Ohio poised to double sports betting tax rate to 20%

calculator reading Double Tax
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The Ohio House and Senate have reached an agreement on a budget for the state and that budget means big things for the sports betting industry in the state.

The budget conference committee agreed on a version of the budget that would double the current tax rate of 10% on sports betting to 20%. Gov. Mike DeWine proposed the increase in his version of the budget, but the House did not include it. The Senate put the measure back in and it remained in the version that emerged from the conference committee.

Ohio projects $100M-$135M in new sports betting tax revenue

The state projects that this would generate an additional $100-$135 million in tax revenue a year. DeWine put forth his idea in February after the first month of numbers out of the state showed more than a billion in handle and a huge market. Since then, sportsbooks have not put up the same kind of numbers, however, the decline corresponds with the natural ebbs and flows of the sports calendar.

Critics suggest that the increased rate will not be the boon the state thinks it is. Former Ohio lawmaker Dan Dodd summed up the potential issue on Twitter:

The state currently has 18 sportsbooks, but many are struggling to capture even a fraction of a percent of the market. In May, four operators generated less than $100,000 in revenue while one, Superbook, operated at a loss for the month.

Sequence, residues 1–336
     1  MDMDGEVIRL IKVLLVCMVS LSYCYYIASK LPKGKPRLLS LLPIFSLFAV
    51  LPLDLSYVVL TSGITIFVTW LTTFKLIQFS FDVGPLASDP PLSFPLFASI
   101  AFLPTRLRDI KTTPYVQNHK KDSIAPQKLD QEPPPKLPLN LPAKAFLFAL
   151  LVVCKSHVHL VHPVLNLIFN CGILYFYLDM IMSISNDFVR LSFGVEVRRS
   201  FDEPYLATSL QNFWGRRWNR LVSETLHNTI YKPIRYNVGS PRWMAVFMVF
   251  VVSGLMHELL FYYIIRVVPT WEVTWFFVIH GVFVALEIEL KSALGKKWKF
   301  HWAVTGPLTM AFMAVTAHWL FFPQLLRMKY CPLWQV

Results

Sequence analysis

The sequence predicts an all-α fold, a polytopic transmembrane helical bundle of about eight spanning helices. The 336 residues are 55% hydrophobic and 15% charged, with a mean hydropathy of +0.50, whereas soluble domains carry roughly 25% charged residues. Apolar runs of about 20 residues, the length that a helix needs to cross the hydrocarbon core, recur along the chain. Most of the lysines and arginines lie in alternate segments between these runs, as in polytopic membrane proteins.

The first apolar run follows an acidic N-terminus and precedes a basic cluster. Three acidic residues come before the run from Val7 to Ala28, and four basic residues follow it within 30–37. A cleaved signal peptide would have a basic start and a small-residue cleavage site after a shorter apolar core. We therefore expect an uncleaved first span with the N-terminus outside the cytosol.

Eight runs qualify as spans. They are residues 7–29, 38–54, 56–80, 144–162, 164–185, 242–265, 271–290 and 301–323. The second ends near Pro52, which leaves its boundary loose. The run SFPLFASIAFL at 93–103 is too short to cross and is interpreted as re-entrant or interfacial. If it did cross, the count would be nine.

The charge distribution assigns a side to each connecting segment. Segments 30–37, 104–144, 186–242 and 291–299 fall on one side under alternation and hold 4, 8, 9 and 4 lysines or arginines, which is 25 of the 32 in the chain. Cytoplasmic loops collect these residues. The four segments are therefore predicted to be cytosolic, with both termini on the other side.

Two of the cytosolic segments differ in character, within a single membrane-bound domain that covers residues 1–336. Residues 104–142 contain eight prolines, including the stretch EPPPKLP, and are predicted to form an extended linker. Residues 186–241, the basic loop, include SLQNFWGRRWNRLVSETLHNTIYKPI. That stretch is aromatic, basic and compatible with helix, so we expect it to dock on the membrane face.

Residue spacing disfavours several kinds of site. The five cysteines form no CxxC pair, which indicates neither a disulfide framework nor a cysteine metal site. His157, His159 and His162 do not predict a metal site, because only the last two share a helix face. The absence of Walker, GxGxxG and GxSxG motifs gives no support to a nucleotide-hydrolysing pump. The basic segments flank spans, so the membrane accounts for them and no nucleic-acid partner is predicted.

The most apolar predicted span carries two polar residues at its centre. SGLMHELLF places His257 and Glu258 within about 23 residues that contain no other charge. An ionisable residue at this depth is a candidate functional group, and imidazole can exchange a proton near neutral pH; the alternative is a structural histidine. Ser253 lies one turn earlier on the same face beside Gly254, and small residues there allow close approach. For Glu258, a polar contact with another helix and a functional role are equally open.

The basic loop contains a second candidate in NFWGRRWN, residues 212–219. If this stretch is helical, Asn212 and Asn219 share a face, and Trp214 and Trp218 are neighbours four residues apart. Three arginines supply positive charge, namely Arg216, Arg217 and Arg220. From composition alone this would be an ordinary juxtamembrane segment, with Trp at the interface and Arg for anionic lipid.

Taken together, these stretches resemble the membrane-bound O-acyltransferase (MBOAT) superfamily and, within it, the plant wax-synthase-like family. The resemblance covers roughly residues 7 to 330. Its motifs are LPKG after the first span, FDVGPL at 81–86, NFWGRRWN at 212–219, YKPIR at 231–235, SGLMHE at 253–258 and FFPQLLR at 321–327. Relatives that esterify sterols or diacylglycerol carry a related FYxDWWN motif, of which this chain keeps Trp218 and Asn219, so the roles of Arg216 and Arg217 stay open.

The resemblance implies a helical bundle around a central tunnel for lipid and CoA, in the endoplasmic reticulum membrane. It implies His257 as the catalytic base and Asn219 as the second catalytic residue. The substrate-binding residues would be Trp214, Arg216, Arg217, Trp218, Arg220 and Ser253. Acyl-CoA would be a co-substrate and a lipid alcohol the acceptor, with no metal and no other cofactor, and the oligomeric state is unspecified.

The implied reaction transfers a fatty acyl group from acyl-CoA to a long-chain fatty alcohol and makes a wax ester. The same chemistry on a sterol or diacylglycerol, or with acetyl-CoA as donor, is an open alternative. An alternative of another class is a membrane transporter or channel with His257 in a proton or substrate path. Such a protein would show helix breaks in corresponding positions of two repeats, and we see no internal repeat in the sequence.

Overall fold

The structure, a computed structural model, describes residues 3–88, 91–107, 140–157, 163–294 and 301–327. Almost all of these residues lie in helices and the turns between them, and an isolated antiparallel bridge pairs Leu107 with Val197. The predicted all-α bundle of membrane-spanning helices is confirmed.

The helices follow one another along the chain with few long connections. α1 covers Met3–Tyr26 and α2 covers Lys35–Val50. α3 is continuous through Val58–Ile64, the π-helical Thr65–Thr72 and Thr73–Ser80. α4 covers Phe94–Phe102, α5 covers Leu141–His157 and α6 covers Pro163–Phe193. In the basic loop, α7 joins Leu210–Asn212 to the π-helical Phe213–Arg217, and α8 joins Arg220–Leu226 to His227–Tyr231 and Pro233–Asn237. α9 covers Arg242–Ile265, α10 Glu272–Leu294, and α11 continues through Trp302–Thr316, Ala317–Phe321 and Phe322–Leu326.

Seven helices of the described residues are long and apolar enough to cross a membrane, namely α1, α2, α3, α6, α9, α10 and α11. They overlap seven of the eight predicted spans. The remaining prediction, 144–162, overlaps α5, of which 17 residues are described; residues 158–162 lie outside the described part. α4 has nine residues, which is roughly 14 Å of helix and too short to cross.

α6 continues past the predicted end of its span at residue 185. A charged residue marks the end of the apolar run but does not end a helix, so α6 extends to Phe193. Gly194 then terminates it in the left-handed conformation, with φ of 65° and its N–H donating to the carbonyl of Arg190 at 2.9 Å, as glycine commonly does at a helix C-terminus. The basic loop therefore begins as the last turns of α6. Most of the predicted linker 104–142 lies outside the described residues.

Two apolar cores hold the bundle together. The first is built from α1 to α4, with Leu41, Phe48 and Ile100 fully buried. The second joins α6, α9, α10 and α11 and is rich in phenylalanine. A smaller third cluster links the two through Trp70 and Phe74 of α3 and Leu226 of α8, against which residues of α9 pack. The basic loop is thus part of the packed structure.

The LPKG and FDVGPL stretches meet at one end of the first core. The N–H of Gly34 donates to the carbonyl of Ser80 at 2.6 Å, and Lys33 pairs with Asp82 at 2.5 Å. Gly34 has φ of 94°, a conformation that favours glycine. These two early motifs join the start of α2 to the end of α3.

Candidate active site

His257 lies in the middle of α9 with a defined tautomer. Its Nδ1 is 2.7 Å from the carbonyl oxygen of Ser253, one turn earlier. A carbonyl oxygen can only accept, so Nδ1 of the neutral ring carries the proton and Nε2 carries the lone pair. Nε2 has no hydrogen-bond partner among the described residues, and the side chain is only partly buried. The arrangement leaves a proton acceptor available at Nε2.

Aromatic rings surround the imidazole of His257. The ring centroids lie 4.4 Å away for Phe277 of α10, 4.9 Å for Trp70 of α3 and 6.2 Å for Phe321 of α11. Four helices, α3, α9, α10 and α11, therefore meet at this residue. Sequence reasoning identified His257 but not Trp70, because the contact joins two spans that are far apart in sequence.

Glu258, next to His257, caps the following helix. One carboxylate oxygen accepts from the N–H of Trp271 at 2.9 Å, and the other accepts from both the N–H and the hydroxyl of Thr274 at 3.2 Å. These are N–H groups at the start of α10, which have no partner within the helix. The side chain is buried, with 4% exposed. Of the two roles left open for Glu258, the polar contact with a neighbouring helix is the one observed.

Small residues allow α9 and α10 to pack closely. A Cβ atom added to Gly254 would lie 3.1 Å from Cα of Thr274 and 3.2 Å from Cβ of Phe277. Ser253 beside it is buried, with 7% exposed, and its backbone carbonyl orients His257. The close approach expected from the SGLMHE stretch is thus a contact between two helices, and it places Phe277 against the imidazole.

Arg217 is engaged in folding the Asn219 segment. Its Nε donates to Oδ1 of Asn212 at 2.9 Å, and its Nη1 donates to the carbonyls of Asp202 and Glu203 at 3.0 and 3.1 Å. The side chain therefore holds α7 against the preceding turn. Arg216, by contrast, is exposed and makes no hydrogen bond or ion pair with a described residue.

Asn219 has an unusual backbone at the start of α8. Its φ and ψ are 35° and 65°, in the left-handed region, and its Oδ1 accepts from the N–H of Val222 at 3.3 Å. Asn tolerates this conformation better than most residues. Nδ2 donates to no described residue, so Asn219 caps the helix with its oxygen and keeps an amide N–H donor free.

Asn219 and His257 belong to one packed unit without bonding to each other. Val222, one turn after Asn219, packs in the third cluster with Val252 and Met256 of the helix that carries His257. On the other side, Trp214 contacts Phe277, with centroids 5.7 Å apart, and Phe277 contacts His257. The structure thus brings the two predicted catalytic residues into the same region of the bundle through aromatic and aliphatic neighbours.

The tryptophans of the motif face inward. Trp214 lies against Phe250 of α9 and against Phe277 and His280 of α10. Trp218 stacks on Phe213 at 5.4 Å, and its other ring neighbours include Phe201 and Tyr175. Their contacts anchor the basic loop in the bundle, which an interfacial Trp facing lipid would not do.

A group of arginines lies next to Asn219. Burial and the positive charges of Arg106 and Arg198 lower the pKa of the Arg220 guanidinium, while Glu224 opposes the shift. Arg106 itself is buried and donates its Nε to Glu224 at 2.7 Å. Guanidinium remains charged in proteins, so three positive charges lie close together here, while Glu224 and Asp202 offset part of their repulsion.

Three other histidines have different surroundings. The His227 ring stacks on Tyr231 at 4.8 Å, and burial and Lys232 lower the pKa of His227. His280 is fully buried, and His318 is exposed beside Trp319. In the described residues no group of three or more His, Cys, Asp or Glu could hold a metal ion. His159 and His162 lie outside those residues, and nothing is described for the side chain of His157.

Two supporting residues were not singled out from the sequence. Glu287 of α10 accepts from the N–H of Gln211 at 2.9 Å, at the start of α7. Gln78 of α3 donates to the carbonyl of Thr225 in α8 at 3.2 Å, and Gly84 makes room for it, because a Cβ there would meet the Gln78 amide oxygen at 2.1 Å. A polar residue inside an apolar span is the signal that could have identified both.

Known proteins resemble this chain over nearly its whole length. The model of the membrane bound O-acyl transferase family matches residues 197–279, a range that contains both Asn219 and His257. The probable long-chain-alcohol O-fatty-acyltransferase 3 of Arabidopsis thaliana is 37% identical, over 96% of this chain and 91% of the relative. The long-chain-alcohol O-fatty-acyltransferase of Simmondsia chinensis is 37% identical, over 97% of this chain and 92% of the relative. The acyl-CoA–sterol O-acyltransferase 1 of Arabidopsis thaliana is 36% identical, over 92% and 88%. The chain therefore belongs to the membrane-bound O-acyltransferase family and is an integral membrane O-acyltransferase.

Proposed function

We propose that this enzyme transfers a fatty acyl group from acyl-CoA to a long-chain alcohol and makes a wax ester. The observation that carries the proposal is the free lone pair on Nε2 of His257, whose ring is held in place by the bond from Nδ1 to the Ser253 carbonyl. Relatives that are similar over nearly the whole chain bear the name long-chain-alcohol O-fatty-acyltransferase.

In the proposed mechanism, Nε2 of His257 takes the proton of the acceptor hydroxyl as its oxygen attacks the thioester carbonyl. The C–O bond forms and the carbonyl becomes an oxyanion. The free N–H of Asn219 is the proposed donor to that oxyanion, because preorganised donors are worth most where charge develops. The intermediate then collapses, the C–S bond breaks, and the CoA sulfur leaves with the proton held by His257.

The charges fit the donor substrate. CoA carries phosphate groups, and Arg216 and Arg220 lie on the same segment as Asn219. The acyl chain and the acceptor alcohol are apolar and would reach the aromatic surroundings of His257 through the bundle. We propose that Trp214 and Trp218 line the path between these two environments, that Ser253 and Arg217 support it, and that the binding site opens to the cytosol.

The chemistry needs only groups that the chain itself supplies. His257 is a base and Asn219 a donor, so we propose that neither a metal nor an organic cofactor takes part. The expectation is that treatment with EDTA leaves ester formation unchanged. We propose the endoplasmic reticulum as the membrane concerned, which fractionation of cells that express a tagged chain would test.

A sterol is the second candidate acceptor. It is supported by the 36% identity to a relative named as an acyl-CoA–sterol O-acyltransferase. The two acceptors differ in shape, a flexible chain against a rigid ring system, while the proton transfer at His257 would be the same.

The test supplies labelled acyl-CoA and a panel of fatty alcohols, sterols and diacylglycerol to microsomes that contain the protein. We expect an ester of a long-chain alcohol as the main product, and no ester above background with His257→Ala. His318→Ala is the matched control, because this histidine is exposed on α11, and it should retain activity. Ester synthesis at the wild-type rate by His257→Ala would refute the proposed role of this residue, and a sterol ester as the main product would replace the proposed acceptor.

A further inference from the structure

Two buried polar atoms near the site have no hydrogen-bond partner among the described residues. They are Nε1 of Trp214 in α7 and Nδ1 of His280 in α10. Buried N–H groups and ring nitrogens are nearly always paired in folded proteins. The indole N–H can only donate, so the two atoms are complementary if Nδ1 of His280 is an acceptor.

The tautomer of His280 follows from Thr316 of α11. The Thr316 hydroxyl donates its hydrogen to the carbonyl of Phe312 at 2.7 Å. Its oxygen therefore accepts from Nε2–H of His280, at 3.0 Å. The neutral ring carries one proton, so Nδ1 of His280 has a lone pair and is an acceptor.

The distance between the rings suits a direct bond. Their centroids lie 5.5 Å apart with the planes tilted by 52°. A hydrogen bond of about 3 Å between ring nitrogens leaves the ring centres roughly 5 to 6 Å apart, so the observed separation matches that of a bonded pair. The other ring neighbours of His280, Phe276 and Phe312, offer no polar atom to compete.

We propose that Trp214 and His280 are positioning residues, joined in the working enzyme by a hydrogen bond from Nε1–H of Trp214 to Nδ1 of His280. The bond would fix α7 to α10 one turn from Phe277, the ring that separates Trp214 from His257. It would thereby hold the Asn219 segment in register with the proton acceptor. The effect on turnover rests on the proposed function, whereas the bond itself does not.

Altogether in May, operators spent more than $23 million of their nearly $56 million in revenue on promotional credits, which amounts to more than 40% of total revenue. With the effective start date of July 1 (Saturday), this could mean that, come football season, there could be fewer start-of-football promotions during what is considered peak acquisition season.

New law regarding abusive bettors and the self-exclusion list

The tax rate is not the only sports betting change in the budget either. As DeWine said he would, he included a provision that the state regulators can put bettors on the involuntary self-exclusion list if:

“the person has threatened violence or harm against a person who is involved in a sporting event, where the threat was related to sports gaming and made before, during, or after a sporting event.”

Problem gambling study out, growth of gaming study in

The Senate attempted to require the OCCC to contract with state schools to produce a report on problem sports betting at the college level funded by the sportsbooks, but this measure was removed in the final version of the bill.

The study that did end up in the final bill was one looking at the future of gaming in Ohio. It expands the existing Joint Committee on Sports Gaming and renames it the Study Commission on the Future of Gaming in Ohio. The group will need to submit a report and recommendations to the General Assembly in 2024.